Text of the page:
Walking race: blonde foreigner VS hapless Sagawa deliveryman

Who else out there is a fast walker? I wouldn’t call myself speedy Gonzales by any means, but I do tend to wind around the multitudes of people in downtown Kyoto, rather than matching their (glacial) pace. The main streets of Kyoto aren’t all that busy before ten AM, mostly thanks to the department stores not yet being open. It’s a great time to wander around, check out the cafes, and get a feel for the city.

You do, however, need to watch out for delivery folks. Whether it’s post office people or private shipping companies, they’re running amok trying to get packages where they need to go.

So this morning I was trucking along at my usual pace, as I wanted to get to a store as soon as it opened. Dodging tourists, bopping to music on my phone, the whole nine yards.

Enter the Sagawa guy.

Let’s call him S-san for short. S-san was pulling along a hefty cart full of packages, and at an impressive clip to boot. He was hurtling down the streets and taking the turns as only a veteran deliveryman could, with not a single paper so much as rustling on his cart.

And we were matching each other stride for stride.

This wasn’t a problem at first- he started out a good thirty feet behind me. But that was before the light changed and he pulled up next to me, waiting for the signal to turn green.

When we started off, both of us were bemused to discover we were going at precisely the same pace. Me with my backpack, him with his trolley. I caught him glancing over once in the very beginning.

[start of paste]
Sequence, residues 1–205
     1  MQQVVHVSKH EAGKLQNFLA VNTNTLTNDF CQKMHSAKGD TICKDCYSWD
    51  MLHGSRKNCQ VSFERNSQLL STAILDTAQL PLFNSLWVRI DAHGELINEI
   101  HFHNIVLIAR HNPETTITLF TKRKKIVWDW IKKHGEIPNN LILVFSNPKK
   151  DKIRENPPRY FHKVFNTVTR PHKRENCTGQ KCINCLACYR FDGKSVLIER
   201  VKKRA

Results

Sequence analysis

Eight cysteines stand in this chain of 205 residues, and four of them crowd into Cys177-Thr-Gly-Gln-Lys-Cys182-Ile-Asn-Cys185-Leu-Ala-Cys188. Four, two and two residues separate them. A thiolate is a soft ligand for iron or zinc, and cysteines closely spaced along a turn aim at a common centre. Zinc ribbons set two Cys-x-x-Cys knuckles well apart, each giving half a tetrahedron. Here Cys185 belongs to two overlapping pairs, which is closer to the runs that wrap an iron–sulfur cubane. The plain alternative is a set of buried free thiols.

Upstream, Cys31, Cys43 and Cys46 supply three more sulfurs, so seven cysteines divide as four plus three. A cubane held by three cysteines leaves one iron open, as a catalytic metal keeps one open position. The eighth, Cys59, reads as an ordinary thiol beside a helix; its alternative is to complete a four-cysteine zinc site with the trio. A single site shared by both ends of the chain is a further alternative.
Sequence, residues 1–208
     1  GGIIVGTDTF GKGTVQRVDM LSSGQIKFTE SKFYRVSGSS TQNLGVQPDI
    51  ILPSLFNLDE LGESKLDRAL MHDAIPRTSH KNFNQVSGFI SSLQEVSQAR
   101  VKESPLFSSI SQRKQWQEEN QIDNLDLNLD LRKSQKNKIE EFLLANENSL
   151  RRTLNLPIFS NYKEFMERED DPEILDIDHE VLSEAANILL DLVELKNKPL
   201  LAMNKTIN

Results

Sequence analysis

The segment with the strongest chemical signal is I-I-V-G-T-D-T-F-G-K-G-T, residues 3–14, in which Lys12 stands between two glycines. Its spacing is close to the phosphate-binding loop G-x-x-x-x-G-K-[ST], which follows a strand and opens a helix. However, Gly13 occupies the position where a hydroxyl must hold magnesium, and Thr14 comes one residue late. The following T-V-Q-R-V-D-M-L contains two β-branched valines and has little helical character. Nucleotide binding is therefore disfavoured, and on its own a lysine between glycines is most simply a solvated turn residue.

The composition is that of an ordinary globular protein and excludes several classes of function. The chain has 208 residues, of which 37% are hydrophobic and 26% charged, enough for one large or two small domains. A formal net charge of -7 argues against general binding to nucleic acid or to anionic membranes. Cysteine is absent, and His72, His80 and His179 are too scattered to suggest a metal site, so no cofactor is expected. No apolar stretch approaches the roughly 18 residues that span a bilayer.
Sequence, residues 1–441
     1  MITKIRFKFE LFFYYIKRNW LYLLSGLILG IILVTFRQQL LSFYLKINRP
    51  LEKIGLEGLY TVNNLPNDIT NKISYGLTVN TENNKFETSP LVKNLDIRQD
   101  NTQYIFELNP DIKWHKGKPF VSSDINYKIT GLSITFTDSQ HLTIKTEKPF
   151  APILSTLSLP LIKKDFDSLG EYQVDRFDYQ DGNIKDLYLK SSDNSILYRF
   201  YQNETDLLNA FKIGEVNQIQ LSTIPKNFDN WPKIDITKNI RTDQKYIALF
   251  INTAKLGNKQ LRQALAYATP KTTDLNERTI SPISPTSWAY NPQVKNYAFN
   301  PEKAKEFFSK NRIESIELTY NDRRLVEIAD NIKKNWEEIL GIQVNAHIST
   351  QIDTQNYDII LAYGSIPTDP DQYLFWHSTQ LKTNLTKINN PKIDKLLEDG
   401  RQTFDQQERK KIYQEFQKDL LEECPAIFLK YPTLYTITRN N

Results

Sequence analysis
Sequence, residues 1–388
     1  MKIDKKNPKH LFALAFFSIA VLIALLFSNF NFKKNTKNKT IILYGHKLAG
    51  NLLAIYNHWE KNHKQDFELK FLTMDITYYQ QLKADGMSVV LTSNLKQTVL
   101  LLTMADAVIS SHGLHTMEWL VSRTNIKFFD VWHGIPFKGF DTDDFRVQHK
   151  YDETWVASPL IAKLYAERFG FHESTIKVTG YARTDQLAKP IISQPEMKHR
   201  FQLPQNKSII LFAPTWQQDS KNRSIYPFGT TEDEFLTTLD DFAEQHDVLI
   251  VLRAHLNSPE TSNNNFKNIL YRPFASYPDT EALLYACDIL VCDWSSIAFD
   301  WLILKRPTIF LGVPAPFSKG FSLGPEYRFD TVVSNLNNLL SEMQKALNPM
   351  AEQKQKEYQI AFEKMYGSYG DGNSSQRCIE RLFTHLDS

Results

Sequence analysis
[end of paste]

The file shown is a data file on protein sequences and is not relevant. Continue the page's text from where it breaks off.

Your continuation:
We came to another red light. Together we stopped at the curb, and waited.

I saw him edge a half step further out.

For some reason I can’t fully explain, I copied him, edging just far forward enough that I’d have a lead on him.

He shifted, one foot sliding out to reclaim the lead.

I shifted my weight forward, glancing over at him.

He was staring determinedly ahead, refusing to make eye contact.

Some people edged past us, eager to get on with their days. Several even crossed the street before the light changed, but neither myself nor S-san budged until the light was green. This was a matter of pride. If we won, we would win honorably.

The race continued, right up until we reached one of the many banks along the main drag of Kyoto. Then, the pace changed.

S-san tilted his cap down with one hand and charged ahead, his cart wobbling treacherously. I found myself slowing slightly to stare in awe as he cut me and a few startled tourists off in order to veer right into the front doors of one bank.

Then, there was silence.

I put my phone’s music on Shuffle, shoved my hands in my pockets, and resumed a more leisurely pace past the bank.

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